WINNER: The Anglo Saxon Princess Exhibition at Kirkleatham Museum, Redcar - A STUNNING collection of mid-seventh century jewellery found in a royal Anglo-Saxon burial site in the North East put Kirkleatham Museum in Redcar on the international map.
WINNER: The Anglo Saxon Princess Exhibition at Kirkleatham Museum, Redcar
A STUNNING collection of mid-seventh century jewellery found in a royal Anglo-Saxon burial site in the North East put Kirkleatham Museum in Redcar on the international map.
In a dig led by North East archaeologist Steve Sherlock, gold brooches were found in five high-status female graves and a sword in a male burial. Brooches and a unique and important pendant were also found in the grace of a woman believed to be an Anglo-Saxon princess.
The unexpected presence of a royal group near the Tees has opened up a new window on North East Anglo-Saxon history, raising questions of the previous view that Bamburgh and Ad Gefrin near Wooler in Northumberland were the only royal power centres in the Kingdom of Northumbria.
Laura Wedgewood, communications manager, Kirkleatham Museum, says: “It is a privilege for the museum service to be shortlisted in the Culture Awards 2011. It is also a testimony to the hard work by the council staff and local volunteers who made the discovery.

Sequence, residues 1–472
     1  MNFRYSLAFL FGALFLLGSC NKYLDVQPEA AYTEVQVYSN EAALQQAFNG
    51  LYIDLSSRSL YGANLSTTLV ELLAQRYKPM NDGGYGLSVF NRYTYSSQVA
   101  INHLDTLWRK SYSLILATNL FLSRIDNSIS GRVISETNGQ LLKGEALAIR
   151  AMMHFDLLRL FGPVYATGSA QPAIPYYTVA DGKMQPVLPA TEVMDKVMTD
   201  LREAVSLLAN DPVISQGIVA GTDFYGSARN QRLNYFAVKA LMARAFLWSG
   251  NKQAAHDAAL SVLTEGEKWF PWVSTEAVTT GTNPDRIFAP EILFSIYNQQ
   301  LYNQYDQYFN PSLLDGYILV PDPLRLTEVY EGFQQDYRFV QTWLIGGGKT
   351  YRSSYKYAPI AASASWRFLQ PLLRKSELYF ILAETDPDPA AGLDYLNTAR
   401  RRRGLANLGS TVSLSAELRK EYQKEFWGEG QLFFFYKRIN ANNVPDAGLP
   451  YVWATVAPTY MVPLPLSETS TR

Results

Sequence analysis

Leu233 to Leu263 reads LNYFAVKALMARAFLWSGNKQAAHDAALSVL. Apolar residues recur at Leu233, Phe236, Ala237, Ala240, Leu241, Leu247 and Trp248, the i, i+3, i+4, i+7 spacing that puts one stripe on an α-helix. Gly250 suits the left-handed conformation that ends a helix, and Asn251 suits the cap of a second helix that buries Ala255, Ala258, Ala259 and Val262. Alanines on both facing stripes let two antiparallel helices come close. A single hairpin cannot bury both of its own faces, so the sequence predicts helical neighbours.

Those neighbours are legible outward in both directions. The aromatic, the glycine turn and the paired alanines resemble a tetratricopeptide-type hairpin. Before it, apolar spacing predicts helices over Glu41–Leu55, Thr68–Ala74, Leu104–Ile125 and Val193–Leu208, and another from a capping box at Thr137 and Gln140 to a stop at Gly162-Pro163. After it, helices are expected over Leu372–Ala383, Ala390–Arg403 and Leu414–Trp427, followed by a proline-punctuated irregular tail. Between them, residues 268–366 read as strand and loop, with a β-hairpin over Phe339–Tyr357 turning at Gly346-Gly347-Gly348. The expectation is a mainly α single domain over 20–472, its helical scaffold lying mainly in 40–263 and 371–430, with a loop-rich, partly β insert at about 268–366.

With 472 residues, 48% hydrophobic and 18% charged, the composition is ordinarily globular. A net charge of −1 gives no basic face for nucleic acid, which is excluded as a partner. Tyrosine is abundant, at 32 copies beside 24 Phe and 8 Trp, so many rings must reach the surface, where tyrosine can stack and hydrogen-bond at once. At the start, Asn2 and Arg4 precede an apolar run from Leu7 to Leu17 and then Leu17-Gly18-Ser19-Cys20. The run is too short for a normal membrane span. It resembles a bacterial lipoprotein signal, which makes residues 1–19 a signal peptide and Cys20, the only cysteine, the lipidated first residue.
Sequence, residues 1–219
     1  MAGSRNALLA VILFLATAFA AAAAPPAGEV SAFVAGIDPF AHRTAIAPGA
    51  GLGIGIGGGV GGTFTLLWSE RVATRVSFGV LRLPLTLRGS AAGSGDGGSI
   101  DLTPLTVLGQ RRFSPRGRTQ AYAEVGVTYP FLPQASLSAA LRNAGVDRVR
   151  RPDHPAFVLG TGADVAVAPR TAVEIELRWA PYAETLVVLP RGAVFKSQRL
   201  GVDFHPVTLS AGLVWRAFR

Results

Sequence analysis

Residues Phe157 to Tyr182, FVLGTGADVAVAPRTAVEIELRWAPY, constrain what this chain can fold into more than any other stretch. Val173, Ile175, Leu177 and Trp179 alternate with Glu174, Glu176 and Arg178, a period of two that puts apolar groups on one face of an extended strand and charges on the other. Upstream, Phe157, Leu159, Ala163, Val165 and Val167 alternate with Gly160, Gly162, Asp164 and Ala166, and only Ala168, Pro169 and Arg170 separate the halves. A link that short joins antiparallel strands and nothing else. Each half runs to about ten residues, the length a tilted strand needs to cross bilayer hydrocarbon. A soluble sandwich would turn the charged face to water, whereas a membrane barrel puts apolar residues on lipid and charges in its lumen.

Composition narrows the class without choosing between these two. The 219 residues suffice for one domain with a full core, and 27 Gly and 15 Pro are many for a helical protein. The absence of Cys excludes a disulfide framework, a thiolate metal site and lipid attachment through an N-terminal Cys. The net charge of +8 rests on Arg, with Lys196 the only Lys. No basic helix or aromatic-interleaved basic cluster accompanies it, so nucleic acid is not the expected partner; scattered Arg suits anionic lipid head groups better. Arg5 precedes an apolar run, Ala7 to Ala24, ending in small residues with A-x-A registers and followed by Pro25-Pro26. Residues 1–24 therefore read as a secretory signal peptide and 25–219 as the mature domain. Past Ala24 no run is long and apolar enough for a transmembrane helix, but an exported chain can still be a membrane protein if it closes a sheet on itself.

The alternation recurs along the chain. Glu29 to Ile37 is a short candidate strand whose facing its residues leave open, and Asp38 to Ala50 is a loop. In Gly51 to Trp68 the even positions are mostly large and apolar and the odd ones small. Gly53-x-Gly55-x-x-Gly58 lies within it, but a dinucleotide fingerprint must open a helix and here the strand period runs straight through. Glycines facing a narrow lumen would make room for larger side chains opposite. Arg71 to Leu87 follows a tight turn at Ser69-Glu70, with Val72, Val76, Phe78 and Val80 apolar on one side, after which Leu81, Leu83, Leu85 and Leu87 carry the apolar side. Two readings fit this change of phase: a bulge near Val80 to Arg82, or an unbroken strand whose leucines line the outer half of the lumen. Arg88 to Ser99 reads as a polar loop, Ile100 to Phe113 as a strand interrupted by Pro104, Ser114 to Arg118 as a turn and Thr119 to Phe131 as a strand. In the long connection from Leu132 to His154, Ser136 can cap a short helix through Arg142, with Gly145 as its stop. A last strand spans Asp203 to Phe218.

“The most pleasing aspects of the exhibition is the pride that local people have gained from the finds that are on show, indeed there is also a sense of ownership following the discovery in Redcar and Cleveland.”
FINALIST: Beamish Museum and Easington Colliery
IT was a terrible disaster that lives on in the memories of a whole community. Last year, hundreds of people young and old pulled together their experiences and tributes to commemorate the 60th anniversary of the Easington pit disaster which claimed 83 lives.
Rescue worker George Ottowell, 86, was among those sharing memories of the tragedy.
His contribution formed just part of the commemorative events being organised over the past 12 months by staff at Beamish Museum.
Hundreds of schoolchildren, care home residents and community groups designed 60 silk panels which made up a special commemorative banner.
Amy Kobelis, development manager, Beamish Museum, says: “It’s absolutely fantastic that this project has been shortlisted, it’s a really great way to celebrate all the hard work and enthusiasm that everyone involved put into this poignant project. The last year has been a really exciting time at the museum. Working on projects like this really shows how powerful museums can be in bringing the past to life and allowing people to play a role in celebrating our region’s heritage.
FINALIST: Pharaoh: King of Egypt Exhibition at the Great North Museum
A SPECTACULAR display of ancient Egyptian treasures from the British Museum enjoyed a temporary home at the Great North Museum last year.
It was the first time many of the 130 objects from the British Museum’s world class ancient Egypt collection had been seen outside London. The exhibition, seen by 138,000 visitors during its 10-week stay, examined the idealised image and reality behind the rulers of the ancient kingdom across 3,000 years of history.
Sarah Glynn, museum manager, Great North Museum, says: “The opportunity to co-curate and lead this exhibition of the largest ever loan of Egyptian artefacts from the British Museum was a bit of a coup for the museum team and we were thrilled to be able to share part of the national collection with the people of the North East.”